Extraordinary Collection of Counterculture Literature Up for Auction

October 1st, 2013

The first time I met Rick Synchef, I was anxious to see his legendary stash of political ephemera and protest posters from the 1960s, which eventually formed the basis of an article for CollectorsWeekly. Synchef had been collecting political paper and ephemera since he was a student in Madison, Wisconsin, which was a hotbed of political activism in the late ’60s. So when I arrived at his home, I was unprepared for the depth and breadth of his other collection of books and periodicals showcasing the work of Beat poets and authors of the 1950s and ’60s, from Charles Bukowski to Gary Snyder.

It wasn’t just the size of Synchef’s cache that was impressive—almost every book on his shelves was signed by its author, and in many cases by the people associated with the title, too. Thus, a copy of Allen Ginsberg’s “Howl” was autographed by the poet as well as his longtime publisher, Lawrence Ferlinghetti of City Lights Bookstore.

The two most impressive books in Synchef’s collection were Jack Kerouac’s “On the Road” (a first-edition paperback from 1958) and Tom Wolfe’s “The Electric Kool-Aid Acid Test” (a first-edition hardcover from 1968). On October 10, 2013, these books, along with several hundred other publications and objects, are up for auction at PBA Galleries in San Francisco. Preview dates are October 8, 9, and 10.

“Tell it John” is an inscription from Neal Cassady to Jack Kerouac, who Cassady used to call John.

Not surprisingly, the Kerouac and Wolfe books are the stars of the sale. Synchef’s “On the Road” may not be the first-edition hardcover, but his copy bears the pencil signature of the elusive Neal Cassady, who was the model for the Dean Moriarty character in Kerouac’s landmark novel. Even more significant to serious collectors are the words below Cassady’s name, “Tell it John,” which means that the signature is actually an inscription to the author, who Cassady and others called John, a diminutive of Kerouac’s given first name, Jean-Louis. Ginsberg’s signature is also there (he was the inspiration for the fictional Carlo Marx), as are the autographs of Cassady’s daughters, Jami and Cathy, who authenticated their dad’s hard-to-find signature for Synchef.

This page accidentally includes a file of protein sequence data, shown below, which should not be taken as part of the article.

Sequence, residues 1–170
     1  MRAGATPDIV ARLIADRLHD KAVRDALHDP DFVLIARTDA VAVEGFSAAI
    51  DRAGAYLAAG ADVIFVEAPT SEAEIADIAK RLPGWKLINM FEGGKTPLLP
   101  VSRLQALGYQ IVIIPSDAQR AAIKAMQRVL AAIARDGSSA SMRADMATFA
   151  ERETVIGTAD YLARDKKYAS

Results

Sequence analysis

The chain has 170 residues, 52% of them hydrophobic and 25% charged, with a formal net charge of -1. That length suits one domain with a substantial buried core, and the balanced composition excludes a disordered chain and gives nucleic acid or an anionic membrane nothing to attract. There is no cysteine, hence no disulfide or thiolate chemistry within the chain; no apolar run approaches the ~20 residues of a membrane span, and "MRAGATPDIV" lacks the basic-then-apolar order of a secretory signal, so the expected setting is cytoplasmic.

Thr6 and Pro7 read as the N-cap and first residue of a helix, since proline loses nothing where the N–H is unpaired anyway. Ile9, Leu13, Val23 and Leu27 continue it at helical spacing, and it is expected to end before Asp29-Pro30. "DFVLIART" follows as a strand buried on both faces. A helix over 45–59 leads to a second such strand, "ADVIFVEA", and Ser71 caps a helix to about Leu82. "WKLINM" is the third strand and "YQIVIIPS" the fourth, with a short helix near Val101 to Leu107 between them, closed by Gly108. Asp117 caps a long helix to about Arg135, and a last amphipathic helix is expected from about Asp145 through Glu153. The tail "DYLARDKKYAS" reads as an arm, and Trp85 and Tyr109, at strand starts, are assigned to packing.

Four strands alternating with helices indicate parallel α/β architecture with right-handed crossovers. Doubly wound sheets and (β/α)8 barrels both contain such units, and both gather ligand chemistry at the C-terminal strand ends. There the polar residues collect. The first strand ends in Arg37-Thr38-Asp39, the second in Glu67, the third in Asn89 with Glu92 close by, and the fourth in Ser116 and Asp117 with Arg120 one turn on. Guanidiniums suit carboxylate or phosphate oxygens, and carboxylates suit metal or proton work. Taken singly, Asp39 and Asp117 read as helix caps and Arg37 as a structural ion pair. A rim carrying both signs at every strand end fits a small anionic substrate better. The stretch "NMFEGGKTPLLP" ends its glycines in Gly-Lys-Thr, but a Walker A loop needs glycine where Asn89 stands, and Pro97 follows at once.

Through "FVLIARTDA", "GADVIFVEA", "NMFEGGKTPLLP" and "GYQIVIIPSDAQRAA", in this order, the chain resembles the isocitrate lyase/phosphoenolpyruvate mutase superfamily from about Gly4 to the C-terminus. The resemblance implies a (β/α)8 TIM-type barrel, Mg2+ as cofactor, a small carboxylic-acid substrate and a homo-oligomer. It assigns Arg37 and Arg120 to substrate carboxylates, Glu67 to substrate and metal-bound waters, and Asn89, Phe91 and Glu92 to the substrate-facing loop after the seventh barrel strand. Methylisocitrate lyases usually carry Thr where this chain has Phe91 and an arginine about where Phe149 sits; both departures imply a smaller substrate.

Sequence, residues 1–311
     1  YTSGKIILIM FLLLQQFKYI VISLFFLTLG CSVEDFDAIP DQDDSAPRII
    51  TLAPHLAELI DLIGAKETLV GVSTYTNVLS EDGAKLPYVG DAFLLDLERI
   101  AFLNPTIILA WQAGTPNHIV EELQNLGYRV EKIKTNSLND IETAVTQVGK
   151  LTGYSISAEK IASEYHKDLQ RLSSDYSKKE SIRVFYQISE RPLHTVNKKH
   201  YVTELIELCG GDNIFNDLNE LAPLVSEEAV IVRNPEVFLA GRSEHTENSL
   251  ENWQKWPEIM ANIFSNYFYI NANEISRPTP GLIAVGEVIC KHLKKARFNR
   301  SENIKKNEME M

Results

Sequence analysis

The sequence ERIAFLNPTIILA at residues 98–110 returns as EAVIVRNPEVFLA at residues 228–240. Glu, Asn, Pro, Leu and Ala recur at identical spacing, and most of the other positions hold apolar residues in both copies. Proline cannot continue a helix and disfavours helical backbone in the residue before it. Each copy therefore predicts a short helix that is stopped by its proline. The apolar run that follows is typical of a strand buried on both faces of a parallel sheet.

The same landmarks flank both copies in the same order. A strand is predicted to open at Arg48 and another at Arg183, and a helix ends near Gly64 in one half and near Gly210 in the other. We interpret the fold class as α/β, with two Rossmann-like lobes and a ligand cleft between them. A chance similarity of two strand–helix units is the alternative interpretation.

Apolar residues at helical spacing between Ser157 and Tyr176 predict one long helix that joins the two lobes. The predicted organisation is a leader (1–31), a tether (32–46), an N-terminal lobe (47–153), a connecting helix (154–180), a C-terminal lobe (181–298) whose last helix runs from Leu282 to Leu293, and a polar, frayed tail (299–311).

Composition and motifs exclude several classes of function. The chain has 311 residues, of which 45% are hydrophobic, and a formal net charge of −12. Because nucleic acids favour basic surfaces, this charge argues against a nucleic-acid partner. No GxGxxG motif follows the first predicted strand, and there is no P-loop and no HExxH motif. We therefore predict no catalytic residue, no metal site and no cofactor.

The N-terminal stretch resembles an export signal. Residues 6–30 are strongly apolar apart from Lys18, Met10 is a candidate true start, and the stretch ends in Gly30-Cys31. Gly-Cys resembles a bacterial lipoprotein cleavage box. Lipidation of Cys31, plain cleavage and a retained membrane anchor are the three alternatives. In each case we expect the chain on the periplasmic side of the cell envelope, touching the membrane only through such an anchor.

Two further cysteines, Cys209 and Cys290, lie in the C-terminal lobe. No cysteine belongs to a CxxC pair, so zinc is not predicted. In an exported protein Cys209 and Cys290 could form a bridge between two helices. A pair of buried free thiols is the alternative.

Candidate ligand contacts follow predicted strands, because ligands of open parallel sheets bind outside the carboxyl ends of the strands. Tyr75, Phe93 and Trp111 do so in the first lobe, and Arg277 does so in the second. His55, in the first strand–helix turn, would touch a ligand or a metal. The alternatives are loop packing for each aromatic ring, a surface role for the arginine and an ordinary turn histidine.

“Wolfe’s book documents a seismic change in the American political and cultural landscape.”

While the Cassady signature gets the award for scarcity, Synchef’s copy of Tom Wolfe’s “The Electric Kool-Aid Acid Test” is like a print version of the famous bus piloted in 1964 by Neal Cassady, Ken Kesey, and his Merry Pranksters, whose exploits Wolfe chronicled in his 1968 tome. Naturally Synchef’s copy features the author’s dandified scrawl, but it also includes 45 other autographs. There’s Kesey, of course, his right-hand Prankster Ken Babbs, and Kesey’s then-girlfriend, Mountain Girl, but Synchef also tracked down writer Wendell Berry, who studied with Kesey in the late 1950s at Stanford University.

Synchef also gathered the signatures of rock-poster artists who were an important part of the early San Francisco scene (Stanley Mouse and Alton Kelley among them), musicians such as Phil Lesh of the Grateful Dead, Sam Andrew of Big Brother and the Holding Company, Barry Melton of Country Joe and the Fish, and Jefferson Airplane drummer Spencer Dryden, as well as a few ’60s impresarios, including “Oracle” publisher Allen Cohen, future “Whole Earth Catalog” mastermind Stewart Brand, and concert promoter Chet Helms of the Family Dog. All these names fill the title and contents pages of Wolfe’s book.

Stand-out signatures on the title page of Wolfe’s book include Ken Kesey and Wendell Berry, who were classmates at Stanford University.